Credit card solicitations in your mailbox are poised for a big comeback in 2011, thanks to new analysis of customers with damaged credit.
Several months ago, I talked about how I noticed more and more credit card solicitations at my home. Somebody said, “Well, of course, they’d be sending them to Clark Howard!” But it’s not just me. The handful of banks that control 90% of the nation’s credit portfolio are ramping up solicitations to even what we traditionally think of as the least creditworthy customers.
The New York Times reports the credit card companies will mail out nearly 2.5 billion solicitations in 2011. By contrast, at the peak of credit mania in 2005, they sent out 6 billion. So we’re at not quite half, but that number is still way up from 2009 and even 2010.
After working off all the charge-offs of the Great Recession, issuers have gone full circle and are again pursuing customers who they may have turned down as recently as 6 months or a year ago. That’s because they’re now slicing and dicing people with low scores into 5 new categories:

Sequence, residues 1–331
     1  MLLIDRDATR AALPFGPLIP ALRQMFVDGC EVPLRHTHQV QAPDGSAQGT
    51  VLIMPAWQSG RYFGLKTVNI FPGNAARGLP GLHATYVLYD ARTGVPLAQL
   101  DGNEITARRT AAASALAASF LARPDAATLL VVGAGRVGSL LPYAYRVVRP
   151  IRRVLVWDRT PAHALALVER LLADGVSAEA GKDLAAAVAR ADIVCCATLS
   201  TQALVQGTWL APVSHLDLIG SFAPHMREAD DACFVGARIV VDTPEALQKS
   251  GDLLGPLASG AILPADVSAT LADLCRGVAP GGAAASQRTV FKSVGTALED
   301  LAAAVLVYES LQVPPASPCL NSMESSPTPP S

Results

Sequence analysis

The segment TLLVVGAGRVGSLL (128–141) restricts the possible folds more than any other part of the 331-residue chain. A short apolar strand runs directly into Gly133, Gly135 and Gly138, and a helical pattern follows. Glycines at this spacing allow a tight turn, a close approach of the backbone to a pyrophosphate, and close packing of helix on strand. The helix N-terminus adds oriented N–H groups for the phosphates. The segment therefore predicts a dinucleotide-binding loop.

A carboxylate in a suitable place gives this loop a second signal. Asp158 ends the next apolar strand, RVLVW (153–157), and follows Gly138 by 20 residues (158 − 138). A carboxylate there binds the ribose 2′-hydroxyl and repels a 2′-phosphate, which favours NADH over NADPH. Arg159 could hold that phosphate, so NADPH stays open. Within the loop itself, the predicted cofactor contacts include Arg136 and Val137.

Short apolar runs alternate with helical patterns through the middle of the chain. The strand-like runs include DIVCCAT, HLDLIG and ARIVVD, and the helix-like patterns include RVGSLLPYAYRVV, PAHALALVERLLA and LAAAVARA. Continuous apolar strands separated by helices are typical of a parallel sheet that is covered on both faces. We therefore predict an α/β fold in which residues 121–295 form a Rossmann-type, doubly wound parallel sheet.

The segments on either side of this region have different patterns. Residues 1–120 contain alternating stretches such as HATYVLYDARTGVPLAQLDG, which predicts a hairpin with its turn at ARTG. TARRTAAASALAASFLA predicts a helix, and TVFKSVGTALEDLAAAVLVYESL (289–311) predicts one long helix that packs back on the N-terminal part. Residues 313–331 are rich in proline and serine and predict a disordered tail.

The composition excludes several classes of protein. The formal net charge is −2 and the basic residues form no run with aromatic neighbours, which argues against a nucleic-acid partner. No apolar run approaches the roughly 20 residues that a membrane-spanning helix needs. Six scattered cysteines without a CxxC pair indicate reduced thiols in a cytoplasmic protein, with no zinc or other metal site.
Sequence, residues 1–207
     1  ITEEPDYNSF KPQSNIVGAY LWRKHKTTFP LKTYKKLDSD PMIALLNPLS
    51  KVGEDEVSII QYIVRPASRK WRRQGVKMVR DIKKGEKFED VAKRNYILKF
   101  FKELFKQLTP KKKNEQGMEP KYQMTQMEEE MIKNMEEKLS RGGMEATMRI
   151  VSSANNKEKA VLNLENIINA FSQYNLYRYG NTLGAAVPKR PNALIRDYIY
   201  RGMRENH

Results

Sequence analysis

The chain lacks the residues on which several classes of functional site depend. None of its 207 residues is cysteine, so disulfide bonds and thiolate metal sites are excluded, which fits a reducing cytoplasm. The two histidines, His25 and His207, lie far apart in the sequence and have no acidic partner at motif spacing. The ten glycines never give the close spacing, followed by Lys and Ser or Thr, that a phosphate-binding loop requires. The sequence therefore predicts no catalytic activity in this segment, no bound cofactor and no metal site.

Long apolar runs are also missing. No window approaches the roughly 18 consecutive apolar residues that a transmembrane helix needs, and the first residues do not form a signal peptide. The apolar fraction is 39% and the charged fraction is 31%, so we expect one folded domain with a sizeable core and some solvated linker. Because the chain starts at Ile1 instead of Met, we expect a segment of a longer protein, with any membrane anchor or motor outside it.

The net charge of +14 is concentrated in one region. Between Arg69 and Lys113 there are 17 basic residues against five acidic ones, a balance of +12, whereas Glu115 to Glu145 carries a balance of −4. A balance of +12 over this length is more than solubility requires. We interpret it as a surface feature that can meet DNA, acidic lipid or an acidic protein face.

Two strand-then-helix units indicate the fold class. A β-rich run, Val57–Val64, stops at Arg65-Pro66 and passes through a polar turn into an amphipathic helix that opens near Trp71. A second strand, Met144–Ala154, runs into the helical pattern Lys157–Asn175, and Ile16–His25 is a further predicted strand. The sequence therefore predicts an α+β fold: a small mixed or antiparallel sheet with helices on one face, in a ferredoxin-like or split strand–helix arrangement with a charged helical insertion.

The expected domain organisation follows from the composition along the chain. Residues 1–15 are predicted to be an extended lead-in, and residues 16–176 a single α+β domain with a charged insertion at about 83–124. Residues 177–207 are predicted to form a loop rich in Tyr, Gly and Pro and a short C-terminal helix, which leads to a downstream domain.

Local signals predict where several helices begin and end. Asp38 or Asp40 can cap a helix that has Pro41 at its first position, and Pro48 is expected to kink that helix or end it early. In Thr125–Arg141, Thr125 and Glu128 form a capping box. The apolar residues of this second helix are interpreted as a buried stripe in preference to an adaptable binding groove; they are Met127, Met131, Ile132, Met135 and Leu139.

- Strategic defaulters have “credit scores [that] were damaged because they walked away from a home when its value dropped below what was owed on the mortgage,” according to The New York Times.
- First-time defaulters are those who “fell behind on some sort of loan payment after losing a job, not from taking on too much debt.”
- Sloppy payers “pay only some bills on time.”
- Abusers “are defiant about paying.”
- Distressed borrowers “simply do not have the means to pay.”
Capital One increased solicitations to people with damaged credit 50 times over compared to what it was a year ago. And they’re not alone. Other lenders have increased similar solicitations by 10 times.
So even with bad credit score, you could fit into one of the above categories (usually the first 2, not the last 3) that they think is worth the risk. You could get a regular, real credit card even with damaged credit.
Now, I’m not encouraging people with damaged credit to say, “Yippe, I can get credit!” But there are direct advantages to charging only what you can afford to pay when the bill comes in each month. And as far as I’m concerned, that’s all positive.